Why Arguments Like NAIFA’s Against Fiduciary Standard for Brokers May Backfire

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Have you ever heard someone talking, and thought: “Do you ever listen to yourself?” That’s how I’m feeling these days about much that’s being said and written by opponents of the fiduciary standard for brokers. It’s as if they either think people are really stupid and won’t understand, or they won’t care about what they are saying. Or maybe they’ve just gotten away with non-client-centered behavior for so long, they just really don’t believe anyone is going to make them act more responsibly.

This surprises me, because at the outset of the broker regulation debate, folks like SIFMA made their positions seem so reasonable, so client-oriented, that it took a team of lawyers to decipher what they were really saying (“We fully support a fiduciary standard for brokers but, of course, it would have to be tailored to the valuable services that brokers provide their clients,” yadda yadda). But as the discussion ground on through Congress and now at the SEC, their statements have become more shrill and much more transparent.

For one of many instances, Terry Headley, president of the National Association of Insurance and Financial Advisors (NAIFA), recently issued a statement that read, in part:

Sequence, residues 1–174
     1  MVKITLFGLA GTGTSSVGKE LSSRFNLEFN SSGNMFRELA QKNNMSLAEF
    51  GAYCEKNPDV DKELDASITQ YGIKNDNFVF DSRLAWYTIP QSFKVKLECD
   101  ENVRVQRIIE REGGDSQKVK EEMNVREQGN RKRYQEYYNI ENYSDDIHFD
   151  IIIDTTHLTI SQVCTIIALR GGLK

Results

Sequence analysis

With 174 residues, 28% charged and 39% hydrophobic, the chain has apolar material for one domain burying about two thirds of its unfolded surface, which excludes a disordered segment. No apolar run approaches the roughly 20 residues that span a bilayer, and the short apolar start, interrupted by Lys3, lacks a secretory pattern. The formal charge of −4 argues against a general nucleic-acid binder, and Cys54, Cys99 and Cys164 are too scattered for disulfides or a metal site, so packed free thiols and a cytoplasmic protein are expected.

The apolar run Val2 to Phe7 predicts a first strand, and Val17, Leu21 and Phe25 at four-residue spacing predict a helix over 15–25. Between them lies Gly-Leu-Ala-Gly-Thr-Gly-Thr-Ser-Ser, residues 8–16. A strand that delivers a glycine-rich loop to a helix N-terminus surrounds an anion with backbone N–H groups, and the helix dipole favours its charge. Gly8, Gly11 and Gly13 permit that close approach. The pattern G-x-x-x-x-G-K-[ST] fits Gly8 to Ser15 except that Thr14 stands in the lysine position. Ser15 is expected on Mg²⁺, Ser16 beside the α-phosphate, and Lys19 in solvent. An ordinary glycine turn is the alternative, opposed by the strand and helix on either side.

“NAIFA is concerned that the potential additional costs and increased potential liability for applying a "one size fits all' fiduciary standard of care to the broker-dealer business model could result in middle- and lower-market investors having less access to the account services and investment advice that are currently being delivered by registered representatives of broker-dealers.”

What is the public to make of this? The implication is clear: “Doing the right thing for our clients will cost more, and subject us to liability [presumably for not doing the right thing], and our businesses just can’t work if we have to do the right thing for people who aren’t wealthy.” Does NAIFA or anyone else really think this rationalization is going to resonate with the public, the media or many of their own members (who, in my experience, really do want to put their clients’ interests first)?

The only thing I can figure is that they believe the SEC is headed by a bunch of industry insiders who buy into a client-be-damned mentality and that nobody else is paying attention anyway.

But I can’t help but believe this time it really is different: that the public and the media have finally understood what a fiduciary duty is, and why it’s very important to retail investors. And if I’m right, these “we can’t do business if we have to put our clients’ interests first” arguments are destined to backfire—big time.

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